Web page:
Law Schools Change or Waive LSAT Admission Requirement to Expand Access to the Profession

By  - 

Admission to law school has long been dictated by how well a prospective student performs on the Law School Admission Test (LSAT). This standardized, multiple-choice test is reportedly designed to measure skills needed to be successful there. However, it has also long been viewed as a barrier to admission for students from underrepresented groups.

[Above: Students on the University at Buffalo School of Law’s campus in New York]

Faced with declining enrollments and increasing public pressure to attract more students of diverse backgrounds and disciplines, some law schools are joining a creeping trend away from the LSAT — or, in some cases, from standardized tests altogether.

In March 2017, Harvard Law School announced that as part of a pilot program, it will accept either the LSAT or the Graduate Record Exam (GRE) from students seeking admission to its three-year JD program. In a press release, a Harvard representative said the change is “part of a wider strategy [at the law school] to expand access to legal education for students in the United States and internationally.”

“For many students, preparing for and taking both the GRE and the LSAT is unaffordable,” Dean of Harvard Law School Martha Minow told Harvard Today. “All students benefit when we can diversify our community in terms of academic background, country of origin, and financial circumstances.”

The move by some schools to accept the GRE in lieu of the LSAT is driven by the belief that some prospective students who may have been considering graduate school generally will have already taken the GRE and therefore will not have to also complete the LSAT in order to apply. Additionally, it’s possible that offering the GRE will attract law school applicants from more varied undergraduate areas of study and will add to the diversity of the student body.

For 2017-2018, the basic fee for the LSAT, which assesses logical and analytical reasoning, reading comprehension, critical thinking, and essay writing, was $180. Students who register to have the necessary documents forwarded to law schools may pay an additional $121 to $185. Law school reports, late fees, or test center and date changes are added costs. On the other hand, the GRE General Test assesses verbal, analytical, and quantitative reasoning and writing. In 2016, the standard administration fee was $150, with additional charges for late fees and test site and date changes.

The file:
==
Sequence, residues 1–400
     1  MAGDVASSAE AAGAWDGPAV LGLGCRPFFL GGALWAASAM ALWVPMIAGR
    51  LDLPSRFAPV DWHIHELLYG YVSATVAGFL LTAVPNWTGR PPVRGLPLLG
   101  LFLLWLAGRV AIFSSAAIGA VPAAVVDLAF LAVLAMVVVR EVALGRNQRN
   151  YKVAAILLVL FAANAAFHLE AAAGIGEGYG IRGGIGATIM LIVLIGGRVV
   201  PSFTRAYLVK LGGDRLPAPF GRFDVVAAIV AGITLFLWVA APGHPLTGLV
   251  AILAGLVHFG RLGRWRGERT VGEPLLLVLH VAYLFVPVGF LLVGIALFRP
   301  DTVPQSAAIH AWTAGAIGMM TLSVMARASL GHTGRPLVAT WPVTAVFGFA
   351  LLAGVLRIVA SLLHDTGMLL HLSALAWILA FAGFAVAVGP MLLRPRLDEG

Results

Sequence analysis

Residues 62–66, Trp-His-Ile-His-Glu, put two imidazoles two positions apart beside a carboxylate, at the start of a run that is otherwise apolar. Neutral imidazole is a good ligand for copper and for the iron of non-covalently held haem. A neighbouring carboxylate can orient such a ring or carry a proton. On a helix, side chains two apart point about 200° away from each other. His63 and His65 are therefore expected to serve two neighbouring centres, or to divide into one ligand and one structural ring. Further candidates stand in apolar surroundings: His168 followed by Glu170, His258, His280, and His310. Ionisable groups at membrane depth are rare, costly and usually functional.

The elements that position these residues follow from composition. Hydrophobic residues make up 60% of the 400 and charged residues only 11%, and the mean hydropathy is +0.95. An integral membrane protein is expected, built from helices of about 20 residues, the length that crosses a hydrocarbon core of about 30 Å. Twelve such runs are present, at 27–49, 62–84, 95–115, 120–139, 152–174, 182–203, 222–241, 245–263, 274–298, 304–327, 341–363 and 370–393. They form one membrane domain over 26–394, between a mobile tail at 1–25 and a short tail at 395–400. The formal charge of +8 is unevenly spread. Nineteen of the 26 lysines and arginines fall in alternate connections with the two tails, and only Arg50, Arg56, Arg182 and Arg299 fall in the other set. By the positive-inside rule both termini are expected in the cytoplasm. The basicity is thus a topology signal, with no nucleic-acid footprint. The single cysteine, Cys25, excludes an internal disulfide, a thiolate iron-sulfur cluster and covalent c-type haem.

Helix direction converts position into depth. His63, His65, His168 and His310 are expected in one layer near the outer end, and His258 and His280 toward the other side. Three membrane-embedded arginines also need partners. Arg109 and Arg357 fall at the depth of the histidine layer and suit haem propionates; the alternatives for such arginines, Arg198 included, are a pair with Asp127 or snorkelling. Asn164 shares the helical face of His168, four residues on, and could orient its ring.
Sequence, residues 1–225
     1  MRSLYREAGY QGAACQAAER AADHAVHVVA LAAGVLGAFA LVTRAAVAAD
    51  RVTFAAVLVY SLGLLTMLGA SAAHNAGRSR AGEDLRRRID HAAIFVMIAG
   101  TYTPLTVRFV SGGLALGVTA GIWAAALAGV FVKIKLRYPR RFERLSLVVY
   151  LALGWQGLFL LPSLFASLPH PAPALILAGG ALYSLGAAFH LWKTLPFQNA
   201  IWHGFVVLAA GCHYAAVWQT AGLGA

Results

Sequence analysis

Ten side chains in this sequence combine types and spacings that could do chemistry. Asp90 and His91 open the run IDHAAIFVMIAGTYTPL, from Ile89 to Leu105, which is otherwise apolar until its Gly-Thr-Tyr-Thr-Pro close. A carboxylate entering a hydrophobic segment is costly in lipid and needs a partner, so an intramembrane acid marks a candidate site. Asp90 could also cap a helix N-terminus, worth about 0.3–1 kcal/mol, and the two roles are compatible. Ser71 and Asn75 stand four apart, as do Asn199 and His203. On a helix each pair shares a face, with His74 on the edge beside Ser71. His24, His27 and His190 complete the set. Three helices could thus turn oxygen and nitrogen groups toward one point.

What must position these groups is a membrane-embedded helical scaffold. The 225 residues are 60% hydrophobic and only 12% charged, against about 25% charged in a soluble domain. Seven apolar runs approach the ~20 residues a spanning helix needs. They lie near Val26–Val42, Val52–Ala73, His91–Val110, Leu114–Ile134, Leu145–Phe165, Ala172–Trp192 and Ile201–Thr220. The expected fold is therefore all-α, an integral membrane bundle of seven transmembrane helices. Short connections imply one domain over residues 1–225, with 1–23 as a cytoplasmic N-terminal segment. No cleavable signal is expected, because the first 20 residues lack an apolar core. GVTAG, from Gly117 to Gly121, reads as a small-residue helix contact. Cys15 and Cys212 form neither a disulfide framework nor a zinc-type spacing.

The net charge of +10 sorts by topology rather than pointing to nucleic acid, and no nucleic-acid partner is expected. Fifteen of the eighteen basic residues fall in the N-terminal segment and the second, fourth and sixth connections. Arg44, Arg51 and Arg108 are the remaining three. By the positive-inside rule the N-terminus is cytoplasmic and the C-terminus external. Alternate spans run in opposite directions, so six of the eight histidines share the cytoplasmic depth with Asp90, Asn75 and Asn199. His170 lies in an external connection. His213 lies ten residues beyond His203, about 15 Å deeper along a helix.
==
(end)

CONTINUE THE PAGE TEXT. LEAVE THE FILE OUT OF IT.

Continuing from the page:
Notably, more than a year ago, the James E. Rogers College of Law at the University of Arizona (AU) became the first law school to accept either the GRE or the LSAT for admissions. Marc Miller, dean of the college, said in a February 2016 press release that the change, which stemmed in part from the results of a study, “would help better achieve goals of excellence and diversity in legal education and the profession.”

The 2015 study, conducted with the Educational Testing Service (ETS), the organization that administers the GRE, sampled 78 current and former AU law students. It showed that GRE verbal reasoning, quantitative reasoning, and analytical writing subtests, along with undergraduate GPA, were valid and reliable predictors of law school success when measured against first-term law school GPAs. Thus, the study concluded that “the GRE General Test meets the American Bar Association’s legal education standard for use in admissions to law school programs.”

Among its other functions, the American Bar Association (ABA) sets the standards and rules of procedure for approval for law schools. Under its Standard 503, first year JD students seeking admission must take a “valid and reliable” admissions test to help assess their capability of satisfactorily completing a law school’s education program. Previously, Standard 503 put the burden on law schools to demonstrate the reliability and validity of admissions tests other than the LSAT. However, a recently proposed revision to the Standard.— a notice of and comment on the revision is scheduled for July — would create a process for determining the sufficiency of other admissions tests.

James Gardner